A controller is an essential part of the system as it receives input from a user or external system and manages the flow of data or operations within a system. The controller acts as an intermediary between the user/external system and the underlying system components, such as a database. In short, a controller directs other components and makes decisions for the entire system. 

13. What are the different types of consistency patterns in system design? 

There are three different types of consistency patterns — each one works well in different kinds of applications: 


  • Weak consistency: In this type of consistency, the read request does not get the newly written data. This can be adequate in real-time uses (e.g., VoIP, video chat, online multiplayer games, etc.) because losing information from some seconds ago does not matter in these situations 

  • Eventual consistency: This kind of consistency pattern is well-suited for highly available systems, like DNS and email systems, where data is replicated asynchronously so the written data is read within milliseconds

  • Strong consistency: When the data is written in this type of consistency, subsequent reads see the latest data instantly in a synchronous manner. RDBMS and file systems follow this for data transaction 


14. What is a Content Delivery Network? 

A Content Delivery Network (CDN) is a proxy server network distributed globally to deliver content to users more efficiently and quickly. End-users in different locations receive HTML, CSS, JS files, images, and videos from the CDN closest to them. This reduces the user’s waiting time and prevents any single server from becoming overloaded.

15. What is a web crawler?

Web crawlers are automated programs used by search engines like Google to search documents on the web and retrieve information from websites. The purpose of a web crawler is to index the contents of websites and gather data that can be used for various purposes, such as search engine indexing, content analysis, and data mining.


16. Which structure tools are used in system design? 

Some of the important tools used to structure during system design are: 


  • Data flow diagrams (DFD): Data flow diagrams show the flow of data from external entities to its logical storage. 

  • Decision trees: It is a tree-like model of decisions and their consequences.  

  • Pseudocode: A program outline written in a formal natural language instead of a programming language.  

  • Data dictionary: It lists the information (default label, description, units, etc.) of all the data items that are in the DFD. 

  • Structured English: Structured English uses straightforward English to break down the program code into an easily understandable logical sequence of steps. 


17. What is your strategy for designing a recommendation system?

When designing a recommendation system for maximum user satisfaction, it is important to include the following: 


  • Features should be based on user requirements from the system — movies, music, apparel shopping recommendations, etc. 

  • Mechanism to recommend relevant content in real-time 

  • Collaborative filtering approach 

  • Evaluation component to understanding the system’s working 


18. Design a URL-shortening service 

Here’s a possible design approach for designing a URL-shortening system


  • Define the required features: 

  1. Generating a shorter URL than the original one

  2. Mapping the original URL to the shortened one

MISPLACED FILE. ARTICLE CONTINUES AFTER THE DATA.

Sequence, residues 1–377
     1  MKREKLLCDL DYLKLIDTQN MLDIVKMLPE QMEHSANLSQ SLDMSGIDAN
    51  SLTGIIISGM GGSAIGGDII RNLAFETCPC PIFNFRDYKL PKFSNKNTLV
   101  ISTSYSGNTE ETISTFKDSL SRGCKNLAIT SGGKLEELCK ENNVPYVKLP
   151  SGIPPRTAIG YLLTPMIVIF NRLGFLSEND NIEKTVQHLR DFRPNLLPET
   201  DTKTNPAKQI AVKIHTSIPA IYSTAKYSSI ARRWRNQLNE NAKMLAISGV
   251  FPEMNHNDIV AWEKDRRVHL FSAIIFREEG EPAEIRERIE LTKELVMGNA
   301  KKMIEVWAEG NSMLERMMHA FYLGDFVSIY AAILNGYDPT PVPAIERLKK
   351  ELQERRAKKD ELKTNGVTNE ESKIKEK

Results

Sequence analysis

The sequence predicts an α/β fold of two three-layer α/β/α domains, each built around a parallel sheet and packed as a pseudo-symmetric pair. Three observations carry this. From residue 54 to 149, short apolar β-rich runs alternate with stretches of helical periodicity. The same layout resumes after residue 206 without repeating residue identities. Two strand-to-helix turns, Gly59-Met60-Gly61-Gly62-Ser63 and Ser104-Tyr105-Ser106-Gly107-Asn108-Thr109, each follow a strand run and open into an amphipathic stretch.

3. Allowing redirection to the short URL

  4. Enabling the system to handle multiple requests

  5. Support custom names for the short URLs 

  • Identify the common problems like handling user load and regulating database storage space 

  • Select the best type of database to store original URLS 


19. Design a ride-sharing service 

You can approach this design problem by following these steps: 

  • Define the architecture for the system (suggested architecture: monolithic or microservices)

  • Choose the database to use 

  • Design an optimized dispatch system to match users with drivers

  • Design the mechanism for maps and routing 

  • Define an approach to storing geographical locations 


Our detailed blog on designing the Uber backend system is extremely helpful to tackle this common system design problem. 

20. Design a video streaming service like Youtube

A video-sharing platform would allow users to upload, watch, share, and comment on video-based content. It is a huge system that will be transmitting petabytes of data — it will have to be scalable so that a large number of users can view and share the video content simultaneously. You can use the following approach: 


  • Define the components for this system, which would be

  1. Client: Devices to use the service like mobile phones, smart TV, etc. 

  2. CDN (Content Delivery Network): All videos are stored in the CDN which allows viewers to stream videos 

  3. API (Application Programming Interface) servers: Other functionalities like playlist creation, feed recommendation, user signup, etc. are performed by the API servers

  • Design the approach to record video stats 

  • Decide how users would be able to add comments in real-time 


The System Design Interview Cheatsheet RESHADED method is a great resource if you are wondering how to approach system design questions like these.  

Ready for your system design interview?


As you can see from these questions, your knowledge of how distributed systems work and the various methods used to increase a system’s efficiency are going to be extremely important to perform well in your system design interview. Hope these questions make you feel less intimidated!


Our Grokking the Modern System Design Interview course is exactly what you need to build the required skills and get into tech companies like Google, Microsoft, and Amazon to reach your career goals.

Are you interested in reviewing more topics besides system design? Try solving Blind 75 problems to help you tackle questions with confidence.